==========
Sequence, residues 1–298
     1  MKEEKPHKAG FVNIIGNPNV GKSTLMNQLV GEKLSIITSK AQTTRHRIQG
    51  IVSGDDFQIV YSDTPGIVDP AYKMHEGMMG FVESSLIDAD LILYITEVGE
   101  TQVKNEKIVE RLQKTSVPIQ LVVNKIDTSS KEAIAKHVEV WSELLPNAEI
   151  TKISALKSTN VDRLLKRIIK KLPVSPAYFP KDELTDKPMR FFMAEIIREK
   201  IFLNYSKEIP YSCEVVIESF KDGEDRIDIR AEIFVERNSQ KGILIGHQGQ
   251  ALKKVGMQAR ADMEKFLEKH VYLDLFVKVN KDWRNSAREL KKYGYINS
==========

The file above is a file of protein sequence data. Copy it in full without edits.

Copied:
Sequence, residues 1–298
     1  MKEEKPHKAG FVNIIGNPNV GKSTLMNQLV GEKLSIITSK AQTTRHRIQG
    51  IVSGDDFQIV YSDTPGIVDP AYKMHEGMMG FVESSLIDAD LILYITEVGE
   101  TQVKNEKIVE RLQKTSVPIQ LVVNKIDTSS KEAIAKHVEV WSELLPNAEI
   151  TKISALKSTN VDRLLKRIIK KLPVSPAYFP KDELTDKPMR FFMAEIIREK
   201  IFLNYSKEIP YSCEVVIESF KDGEDRIDIR AEIFVERNSQ KGILIGHQGQ
   251  ALKKVGMQAR ADMEKFLEKH VYLDLFVKVN KDWRNSAREL KKYGYINS